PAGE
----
Everything needed for framing the pocket door except the door slab itself were included in the kit. This universal kit is designed to work with doors that are 24 inches to 36 inches in width. There are marks already engraved into the framing lumber to indicate where to cut for different door sizes.

IMG_3756

To frame in the pocket door, Slav first built the rough framing:

IMG_4785

Onto which the header of the pocket door framing kit was installed and the split studs was secured:

IMG_4788

IMG_4790

This is what the split studs look like! The actual door slab will be inserted in between and nest inside whenever the door is open.

IMG_4801

Our doorway only permits a 24″ door. We splurged for a frosted glass door which comes pre-primed.ย While Slav was framing the doorway, I painted it with my go-to door and trim paint – Behr‘s ultra pure white:

IMG_4765

Installing pocket door was actually pretty easy. I do not know why I was so intimidated by it! Slav installed the door slab into the track all by himself. And I had to say, it operates like butter!

IMG_4806

So smooth.

IMG_4807

Encouraged by the pocket door installation Slav caught a second wind and installed the drywall before calling it a day. All the sudden, the bathroom looked like a room again!

IMG_4831

Here is it, the bathroom, ready for tiles:

IMG_4808

With brand-new frosted window and door, new subfloor and shower pan, new plumbing and electrical!

IMG_4839

The next step, tiling!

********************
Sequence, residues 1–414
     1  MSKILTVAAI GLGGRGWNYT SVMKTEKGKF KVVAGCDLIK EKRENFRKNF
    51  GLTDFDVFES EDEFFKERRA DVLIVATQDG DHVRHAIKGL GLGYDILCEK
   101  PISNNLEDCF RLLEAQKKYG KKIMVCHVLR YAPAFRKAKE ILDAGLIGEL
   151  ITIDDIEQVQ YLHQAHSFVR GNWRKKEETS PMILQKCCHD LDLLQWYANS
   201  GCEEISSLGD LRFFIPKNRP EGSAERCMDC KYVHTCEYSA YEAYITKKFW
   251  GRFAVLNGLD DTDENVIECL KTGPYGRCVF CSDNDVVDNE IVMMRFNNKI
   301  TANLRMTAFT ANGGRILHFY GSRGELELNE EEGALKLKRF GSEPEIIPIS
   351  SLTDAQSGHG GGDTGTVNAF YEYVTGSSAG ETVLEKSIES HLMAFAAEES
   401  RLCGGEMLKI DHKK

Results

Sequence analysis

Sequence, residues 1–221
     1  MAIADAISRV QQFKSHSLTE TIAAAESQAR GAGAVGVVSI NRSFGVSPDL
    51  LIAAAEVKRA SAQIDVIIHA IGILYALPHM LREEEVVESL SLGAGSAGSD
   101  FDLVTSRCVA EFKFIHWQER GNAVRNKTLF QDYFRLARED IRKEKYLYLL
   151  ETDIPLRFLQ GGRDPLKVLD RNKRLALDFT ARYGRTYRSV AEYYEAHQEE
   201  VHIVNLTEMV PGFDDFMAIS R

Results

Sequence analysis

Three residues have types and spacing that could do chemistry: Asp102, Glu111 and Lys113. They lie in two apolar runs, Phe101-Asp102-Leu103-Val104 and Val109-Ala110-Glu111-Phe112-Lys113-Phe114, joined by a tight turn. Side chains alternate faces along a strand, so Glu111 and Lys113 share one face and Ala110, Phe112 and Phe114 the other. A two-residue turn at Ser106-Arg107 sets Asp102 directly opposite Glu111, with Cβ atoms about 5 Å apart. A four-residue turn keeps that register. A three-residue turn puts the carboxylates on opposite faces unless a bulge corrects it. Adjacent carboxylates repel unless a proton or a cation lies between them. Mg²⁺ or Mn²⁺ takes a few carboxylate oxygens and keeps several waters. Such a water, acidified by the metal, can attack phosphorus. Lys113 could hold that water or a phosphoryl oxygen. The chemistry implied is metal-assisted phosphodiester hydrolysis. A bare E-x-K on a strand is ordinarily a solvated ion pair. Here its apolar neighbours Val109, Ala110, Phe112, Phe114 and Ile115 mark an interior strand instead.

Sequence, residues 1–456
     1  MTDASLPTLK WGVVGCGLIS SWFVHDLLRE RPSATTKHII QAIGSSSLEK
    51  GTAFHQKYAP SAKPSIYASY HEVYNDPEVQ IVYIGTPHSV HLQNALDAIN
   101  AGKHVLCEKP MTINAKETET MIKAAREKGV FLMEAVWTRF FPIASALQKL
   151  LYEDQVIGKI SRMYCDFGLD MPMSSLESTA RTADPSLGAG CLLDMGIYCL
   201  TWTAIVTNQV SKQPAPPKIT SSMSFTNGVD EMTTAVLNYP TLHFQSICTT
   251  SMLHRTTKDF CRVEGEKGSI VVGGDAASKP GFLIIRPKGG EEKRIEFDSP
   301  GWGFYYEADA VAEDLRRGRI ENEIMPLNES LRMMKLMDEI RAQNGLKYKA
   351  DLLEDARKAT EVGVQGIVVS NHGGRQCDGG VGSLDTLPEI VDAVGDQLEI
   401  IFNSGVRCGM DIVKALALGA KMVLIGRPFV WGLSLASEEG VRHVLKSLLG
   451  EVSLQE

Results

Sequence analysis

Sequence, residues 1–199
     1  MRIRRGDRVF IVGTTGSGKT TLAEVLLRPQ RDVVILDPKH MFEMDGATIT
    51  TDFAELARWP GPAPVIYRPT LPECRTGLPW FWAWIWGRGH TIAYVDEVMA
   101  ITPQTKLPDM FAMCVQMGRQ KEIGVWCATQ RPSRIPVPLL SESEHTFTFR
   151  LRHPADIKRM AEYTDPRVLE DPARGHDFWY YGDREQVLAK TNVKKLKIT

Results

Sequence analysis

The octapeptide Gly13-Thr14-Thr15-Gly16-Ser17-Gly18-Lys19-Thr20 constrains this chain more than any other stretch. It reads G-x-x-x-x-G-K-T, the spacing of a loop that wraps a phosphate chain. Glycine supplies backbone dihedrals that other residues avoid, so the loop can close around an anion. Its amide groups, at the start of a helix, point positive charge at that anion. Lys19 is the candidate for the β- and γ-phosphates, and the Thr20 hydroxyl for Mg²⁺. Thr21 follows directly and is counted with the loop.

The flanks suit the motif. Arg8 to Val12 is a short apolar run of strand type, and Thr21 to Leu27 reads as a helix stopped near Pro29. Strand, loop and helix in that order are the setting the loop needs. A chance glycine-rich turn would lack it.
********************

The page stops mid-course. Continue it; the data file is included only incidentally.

Starting next week, we will be installing and waterproofing the walls, and starting the tile work! It has been a rough a couple months just finalizing the utilities and dealing with additional plumbing issues. But finally, we could move onto tasks that will bring much more substantial changes into the space. So stay tuned, friends! May the fourth be with us!

1. Demolition – removing all the fixtures and wall/floor materials;
2. Assessing the water damage and mold control;
3. Installing new bath window and insulating the exterior wall;
4. Removing the ceiling drywall from the attic, wiring for new recessed lights from the attic;
5. Upgrading wall electrical, including adding outlets and wiring new switches;
6. Installing a new exhaust fan;
7. Installing recessed lights and drywall the bathroom ceiling;
8. Upgrading the sewage pipe for toilet and shower;
9. Purchasing a new toilet, a new bidet, a sink/vanity, and sink and shower fixtures; Upgrading/installing water lines to all the fixture;
10. Upgrade master bath (basement) exhaust fan from above;
11. Installing new subflooring;
12. Pocket door framing and installation;
13. Drywalling around the pocket door to close off the entry wall;
14. Installing water-resistant wall on rest of the room and waterproofing;
15. Tiling and installing a new window stool;
16. Sealing the floor tiles and grout;
17. Finishing/priming/painting entry wall drywall and ceiling;
18. Installing and painting pocket door trims;
19. Installing new glass shower door;
20. Installing toilet/bidet, vanity/sink, shower trim, and vanity mirror/lighting!